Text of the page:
Five Ways to Increase Strength Off the Floor

Five Ways to Increase Strength Off the Floor

Strength off the floor is very commonly a limiting factor in individual’s deadlifts, cleans, and snatches. With these lifts, the “first pull”, from the floor to approximately when the bar is at the knee, sets the stage for the rest of the lift. If an athlete is weak off the floor, this could lead to either a missed deadlift attempt or encourage poor positioning for a second pull on an Olympic lift. The following five lifts with provide great assistance to increase strength off the floor.


Deficit Deadlifts

Deficit deadlifts increase the difficulty of the deadlift by making the lifter start with the barbell lower than its typical starting position. This starting point puts you at a biomechanical disadvantage and you must work and think much harder about maintaining proper pulling alignment.



Speed Deadlifts

Speed deadlifts are an excellent exercise to increase efficiency off the floor. While building raw strength should ALWAYS be a priority, learning how to accelerate and develop power is also important. What way to better learn how to develop power and speed off the floor than actually performing the EXACT lift you’re trying to improve? Additionally, because a much lighter weight is needed for speed deadlifts, you can train them very frequently. This is a great way to perfect your form and get a training effect without beating yourself up.



Paused Snatch Deadlift

The pause snatch deadlift combines two powerful deadlift changes to improve your pull from the floor. First, the snatch grip increases the range of motion you must pull through by starting you in a lower position (much like a deficit deadlift). Up next the pause just off of the floor seriously increases the spinal control you must develop to keep good positioning.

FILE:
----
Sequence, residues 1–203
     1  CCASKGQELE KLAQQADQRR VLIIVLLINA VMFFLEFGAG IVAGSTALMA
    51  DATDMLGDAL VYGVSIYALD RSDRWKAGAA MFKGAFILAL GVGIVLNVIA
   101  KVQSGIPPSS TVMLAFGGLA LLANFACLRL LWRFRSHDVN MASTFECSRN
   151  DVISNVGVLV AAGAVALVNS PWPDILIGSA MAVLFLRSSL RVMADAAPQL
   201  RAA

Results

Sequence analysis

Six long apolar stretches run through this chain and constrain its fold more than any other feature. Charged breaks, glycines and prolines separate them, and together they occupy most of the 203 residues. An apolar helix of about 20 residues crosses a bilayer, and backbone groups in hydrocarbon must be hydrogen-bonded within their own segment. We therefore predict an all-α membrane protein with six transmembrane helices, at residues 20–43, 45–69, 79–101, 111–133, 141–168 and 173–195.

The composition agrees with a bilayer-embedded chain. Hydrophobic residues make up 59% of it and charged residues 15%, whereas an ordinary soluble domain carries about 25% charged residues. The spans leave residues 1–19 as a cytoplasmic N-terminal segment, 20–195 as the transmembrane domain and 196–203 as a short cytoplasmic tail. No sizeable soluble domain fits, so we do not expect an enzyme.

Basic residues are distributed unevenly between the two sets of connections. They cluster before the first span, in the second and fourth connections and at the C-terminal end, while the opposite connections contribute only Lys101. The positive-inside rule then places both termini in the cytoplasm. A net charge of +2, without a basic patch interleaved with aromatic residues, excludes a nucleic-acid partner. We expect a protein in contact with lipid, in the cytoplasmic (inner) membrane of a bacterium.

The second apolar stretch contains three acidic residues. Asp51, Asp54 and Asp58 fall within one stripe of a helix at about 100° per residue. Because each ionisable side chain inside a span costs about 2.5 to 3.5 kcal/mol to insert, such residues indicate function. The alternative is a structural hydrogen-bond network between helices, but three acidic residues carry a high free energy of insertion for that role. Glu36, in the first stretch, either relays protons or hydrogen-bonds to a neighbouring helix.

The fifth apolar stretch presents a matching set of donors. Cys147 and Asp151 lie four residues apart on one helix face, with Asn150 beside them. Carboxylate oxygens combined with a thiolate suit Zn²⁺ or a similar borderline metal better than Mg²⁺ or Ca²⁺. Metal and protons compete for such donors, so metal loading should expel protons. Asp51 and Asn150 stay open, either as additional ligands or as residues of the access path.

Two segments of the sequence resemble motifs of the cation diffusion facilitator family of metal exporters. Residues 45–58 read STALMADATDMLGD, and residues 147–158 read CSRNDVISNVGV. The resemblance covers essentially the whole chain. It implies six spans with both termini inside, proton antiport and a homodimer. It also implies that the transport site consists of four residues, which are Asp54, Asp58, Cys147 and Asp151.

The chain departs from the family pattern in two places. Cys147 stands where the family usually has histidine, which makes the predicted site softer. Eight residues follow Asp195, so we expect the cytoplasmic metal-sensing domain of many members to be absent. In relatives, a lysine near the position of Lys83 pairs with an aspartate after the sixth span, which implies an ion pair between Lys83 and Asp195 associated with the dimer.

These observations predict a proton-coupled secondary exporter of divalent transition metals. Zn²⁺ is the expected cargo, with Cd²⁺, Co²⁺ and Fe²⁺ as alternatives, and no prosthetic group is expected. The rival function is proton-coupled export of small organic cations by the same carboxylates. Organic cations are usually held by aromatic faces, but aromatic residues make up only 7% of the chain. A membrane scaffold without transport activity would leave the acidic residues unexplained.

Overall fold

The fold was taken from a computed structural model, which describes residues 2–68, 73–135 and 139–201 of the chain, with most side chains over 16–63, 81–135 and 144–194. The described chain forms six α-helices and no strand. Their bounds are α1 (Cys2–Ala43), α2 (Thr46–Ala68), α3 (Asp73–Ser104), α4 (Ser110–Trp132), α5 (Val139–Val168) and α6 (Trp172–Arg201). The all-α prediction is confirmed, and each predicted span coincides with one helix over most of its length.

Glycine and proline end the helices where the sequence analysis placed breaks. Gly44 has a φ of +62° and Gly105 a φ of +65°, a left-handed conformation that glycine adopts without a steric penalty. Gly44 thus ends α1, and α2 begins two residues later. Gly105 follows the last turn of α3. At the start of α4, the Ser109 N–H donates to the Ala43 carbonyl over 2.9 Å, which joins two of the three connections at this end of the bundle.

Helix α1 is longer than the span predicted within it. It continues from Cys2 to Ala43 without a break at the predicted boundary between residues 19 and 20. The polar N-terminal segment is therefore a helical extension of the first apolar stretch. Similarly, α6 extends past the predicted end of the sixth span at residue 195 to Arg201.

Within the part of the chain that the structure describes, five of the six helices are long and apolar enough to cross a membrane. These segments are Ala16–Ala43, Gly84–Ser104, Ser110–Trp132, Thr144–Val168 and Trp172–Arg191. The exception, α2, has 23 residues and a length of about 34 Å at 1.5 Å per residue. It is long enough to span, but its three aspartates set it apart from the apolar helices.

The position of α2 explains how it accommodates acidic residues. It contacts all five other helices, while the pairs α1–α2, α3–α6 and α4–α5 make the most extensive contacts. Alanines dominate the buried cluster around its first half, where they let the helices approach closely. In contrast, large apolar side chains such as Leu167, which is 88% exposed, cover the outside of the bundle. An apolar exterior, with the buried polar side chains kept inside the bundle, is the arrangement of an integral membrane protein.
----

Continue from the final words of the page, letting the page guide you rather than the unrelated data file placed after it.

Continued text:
Paused Safety Bar Squats

A strong pull off the floor requires a combination of leg, back, and core strength and the paused safety bar squat nails all three. With this squat variation, the load is placed pretty high up on the back, causing the upper back to work very hard to avoid rounding forward…a KEY component in the deadlift. The safety squat bar and its placement also provides some degree of instability during the lift, requiring good core control and recruitment to stabilize the load as well. Due to the relatively vertical torso angle, you can go pretty deep on these, crushing the quads, another muscle group imperative for a strong first pull.  


Pull The Slack Out of the Bar

If I had to give one master cue to help promote strength off the floor, it would be to pull the slack out of the bar. Speed off the ground is certainly important; HOWEVER, it must be something that is ramped up! Here’s why. Depending on how much weight is on the bar, and the type of bar you are using, upon applying force via the initial pull, the bar will MOVE before the weights come off the ground! Speed should NOT be applied until this slack is taken out! Taking slack out of the bar encourages full body tension to help enhance force transfer and reduce the risk of injury! Get tight FIRST, take the slack out of the bar, THEN apply speed for an efficient pull!

Is getting the bar moving off the floor your limiting factor? Use these 5 tips to help increase strength off the floor and break some PRs!


Co-Written With Dr. Michael Mash of Barbell Rehab  

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